These results were generated following the protocol presented above with the ultracentrifuge isolation method. The isolated exosomes are quantified by NTA technology and loaded overnight with 1 µL of mixed beads (1x anti-CD9:1x anti-CD63:1x anti-CD81). The complex beads + Exo were stained with the proper amount of antibody anti-CD9_FITC, anti-CD63_PE, and anti-CD81_PE (Figure 3E,F and Table 2).

Furthermore, by using EV-CPC we compared FC analysis with or without pre-enrichment by ultracentrifugation. Figure 4 shows that both methods are suitable to profile Exo surface markers. Pre-enrichment of extracellular vesicles fraction greatly improves fluorescence intensity especially for CD63_PE and CD81_PE staining (Figure 4 and Table 3).

Figure 1
Figure 1: Protocol and NTA plots. (A) Schematic representation of the experimental protocol. (B) Representative NTA plots for Conditioned Media, Pre-Ultracentrifuge and Post-Ultracentrifuge step. Please click here to view a larger version of this figure.

Figure 2
Figure 2: Acquisition and data analysis. (A) Flow cytometry analysis begins with creating a first gate to the whole beads population "beads" (excluding debris) and then a second gate to distinguish "singlets" events. Singlets are gated on a plot set up with FSC-H as x-axis and FSC-A as y-axis. (B-D) Representative dot plots showing right-shift of fluorescence intensity for the positive populations of beads-exosomes complexes (green, CD9+; red CD63+; brown CD81+). Isotype control (violet) overlap negative gray colored beads. Please click here to view a larger version of this figure.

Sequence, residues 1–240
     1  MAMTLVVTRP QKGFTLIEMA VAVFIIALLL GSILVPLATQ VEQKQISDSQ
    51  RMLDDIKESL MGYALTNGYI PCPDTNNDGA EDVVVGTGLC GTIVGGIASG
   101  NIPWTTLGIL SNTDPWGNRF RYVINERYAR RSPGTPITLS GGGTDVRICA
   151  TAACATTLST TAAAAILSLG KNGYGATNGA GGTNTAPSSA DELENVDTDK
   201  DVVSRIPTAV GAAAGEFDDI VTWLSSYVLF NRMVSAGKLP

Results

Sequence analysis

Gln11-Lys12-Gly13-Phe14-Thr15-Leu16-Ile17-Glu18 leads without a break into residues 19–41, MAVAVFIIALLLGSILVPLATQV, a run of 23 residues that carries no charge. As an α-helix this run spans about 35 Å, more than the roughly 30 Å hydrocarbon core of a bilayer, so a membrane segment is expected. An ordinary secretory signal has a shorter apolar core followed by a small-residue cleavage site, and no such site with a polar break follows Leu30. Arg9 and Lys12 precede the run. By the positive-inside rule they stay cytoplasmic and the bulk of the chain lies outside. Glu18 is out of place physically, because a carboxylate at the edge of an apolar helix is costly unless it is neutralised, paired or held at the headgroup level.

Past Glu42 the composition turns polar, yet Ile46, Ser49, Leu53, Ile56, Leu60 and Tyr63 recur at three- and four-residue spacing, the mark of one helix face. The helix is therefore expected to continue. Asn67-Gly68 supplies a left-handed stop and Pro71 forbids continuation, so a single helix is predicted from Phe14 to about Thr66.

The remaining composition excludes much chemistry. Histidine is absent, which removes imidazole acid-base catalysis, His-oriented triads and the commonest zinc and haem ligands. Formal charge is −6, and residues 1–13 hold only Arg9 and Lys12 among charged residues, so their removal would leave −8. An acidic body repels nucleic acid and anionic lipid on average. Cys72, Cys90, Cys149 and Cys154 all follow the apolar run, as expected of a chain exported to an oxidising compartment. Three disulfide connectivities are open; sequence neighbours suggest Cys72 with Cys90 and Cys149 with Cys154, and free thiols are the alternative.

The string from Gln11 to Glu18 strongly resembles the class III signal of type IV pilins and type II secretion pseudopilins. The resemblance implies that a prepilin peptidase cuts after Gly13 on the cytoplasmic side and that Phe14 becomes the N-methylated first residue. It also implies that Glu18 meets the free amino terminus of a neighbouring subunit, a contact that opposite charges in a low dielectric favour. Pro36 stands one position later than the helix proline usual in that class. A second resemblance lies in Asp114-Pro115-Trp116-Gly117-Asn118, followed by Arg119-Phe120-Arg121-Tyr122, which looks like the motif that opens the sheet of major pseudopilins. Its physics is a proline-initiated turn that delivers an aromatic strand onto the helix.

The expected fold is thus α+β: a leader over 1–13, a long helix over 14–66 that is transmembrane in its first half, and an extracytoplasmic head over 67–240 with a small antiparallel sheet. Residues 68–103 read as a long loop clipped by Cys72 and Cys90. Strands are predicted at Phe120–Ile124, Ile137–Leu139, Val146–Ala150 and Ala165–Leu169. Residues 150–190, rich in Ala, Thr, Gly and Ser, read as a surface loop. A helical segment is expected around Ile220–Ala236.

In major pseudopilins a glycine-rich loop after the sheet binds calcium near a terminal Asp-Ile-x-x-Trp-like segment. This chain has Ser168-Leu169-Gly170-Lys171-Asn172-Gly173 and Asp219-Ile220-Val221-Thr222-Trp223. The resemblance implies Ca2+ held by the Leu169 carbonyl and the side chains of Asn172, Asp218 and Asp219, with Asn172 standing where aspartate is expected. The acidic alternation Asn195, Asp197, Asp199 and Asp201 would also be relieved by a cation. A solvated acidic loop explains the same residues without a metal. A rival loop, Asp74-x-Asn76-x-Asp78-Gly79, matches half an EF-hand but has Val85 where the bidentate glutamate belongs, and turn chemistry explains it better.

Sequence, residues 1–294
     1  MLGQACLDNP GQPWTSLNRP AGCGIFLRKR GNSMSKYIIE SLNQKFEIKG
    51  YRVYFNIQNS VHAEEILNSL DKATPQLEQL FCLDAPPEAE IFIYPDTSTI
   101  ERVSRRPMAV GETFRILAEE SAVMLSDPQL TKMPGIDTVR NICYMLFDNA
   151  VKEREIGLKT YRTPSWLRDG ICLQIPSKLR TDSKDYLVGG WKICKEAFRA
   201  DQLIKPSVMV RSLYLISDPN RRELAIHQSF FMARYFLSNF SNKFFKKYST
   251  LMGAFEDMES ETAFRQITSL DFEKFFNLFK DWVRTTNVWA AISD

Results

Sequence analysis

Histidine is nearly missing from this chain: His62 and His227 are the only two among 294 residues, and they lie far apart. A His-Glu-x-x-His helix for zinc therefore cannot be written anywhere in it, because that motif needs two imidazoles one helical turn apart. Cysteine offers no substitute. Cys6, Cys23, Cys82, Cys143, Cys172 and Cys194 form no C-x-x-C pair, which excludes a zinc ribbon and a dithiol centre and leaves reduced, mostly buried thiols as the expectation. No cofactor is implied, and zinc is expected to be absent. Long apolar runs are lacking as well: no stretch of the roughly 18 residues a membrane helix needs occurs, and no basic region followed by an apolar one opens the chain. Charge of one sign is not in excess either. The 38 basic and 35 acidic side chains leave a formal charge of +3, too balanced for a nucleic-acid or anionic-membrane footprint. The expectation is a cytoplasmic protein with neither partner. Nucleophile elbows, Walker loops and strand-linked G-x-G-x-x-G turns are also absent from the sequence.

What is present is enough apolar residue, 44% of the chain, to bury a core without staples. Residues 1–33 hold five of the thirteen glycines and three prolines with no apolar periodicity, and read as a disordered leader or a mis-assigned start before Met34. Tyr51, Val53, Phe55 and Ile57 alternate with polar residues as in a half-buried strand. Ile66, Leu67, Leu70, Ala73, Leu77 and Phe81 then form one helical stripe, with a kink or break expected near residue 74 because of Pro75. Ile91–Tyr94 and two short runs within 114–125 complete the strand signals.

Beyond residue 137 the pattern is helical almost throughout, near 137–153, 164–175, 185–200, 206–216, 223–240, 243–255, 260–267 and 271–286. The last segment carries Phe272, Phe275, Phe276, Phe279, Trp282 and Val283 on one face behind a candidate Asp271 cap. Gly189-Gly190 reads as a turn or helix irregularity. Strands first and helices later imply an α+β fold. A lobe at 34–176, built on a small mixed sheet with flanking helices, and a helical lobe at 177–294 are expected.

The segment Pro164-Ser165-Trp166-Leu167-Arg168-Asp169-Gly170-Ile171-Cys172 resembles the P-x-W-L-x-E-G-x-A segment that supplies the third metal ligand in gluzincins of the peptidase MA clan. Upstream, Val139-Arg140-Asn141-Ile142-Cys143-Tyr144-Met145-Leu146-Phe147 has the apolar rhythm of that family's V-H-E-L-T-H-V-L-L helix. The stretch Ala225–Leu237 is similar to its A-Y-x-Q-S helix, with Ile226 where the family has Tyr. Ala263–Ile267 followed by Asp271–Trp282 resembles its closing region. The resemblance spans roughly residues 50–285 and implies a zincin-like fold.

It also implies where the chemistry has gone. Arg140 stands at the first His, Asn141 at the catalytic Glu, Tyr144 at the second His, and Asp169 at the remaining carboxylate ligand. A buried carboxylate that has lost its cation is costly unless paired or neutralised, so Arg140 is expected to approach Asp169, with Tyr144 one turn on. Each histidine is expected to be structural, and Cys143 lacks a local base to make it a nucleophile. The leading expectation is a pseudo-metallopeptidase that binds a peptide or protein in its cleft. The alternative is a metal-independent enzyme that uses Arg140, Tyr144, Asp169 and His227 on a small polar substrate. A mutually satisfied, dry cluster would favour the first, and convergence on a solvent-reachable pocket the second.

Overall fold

Figure 3
Figure 3: Titration curves for number of particles (arrows show the selected amount of particles, 1 x 108). (A) Antibody concentrations (arrows show the selected concentration for each used antibody). (B) Both number of particles and antibody concentration are plot vs. mean fluorescence intensity (MFI). (C) Curve showing 3 different acquisition of the preparation with 1–2 h or 5 h of antibody incubation. (D) Curve showing the decrease of fluorescence following sonication at different time-points. (E-F) Fold change (mean ± SD) of MFI for CD9, CD63 and CD81 vs negative control (beads + antibodies, no EV) are shown for HEK293 EV (n = 3 independent replicates) and for CPC EV (n = 3 primary cell lines from 3 different patients) Please click here to view a larger version of this figure.

Figure 4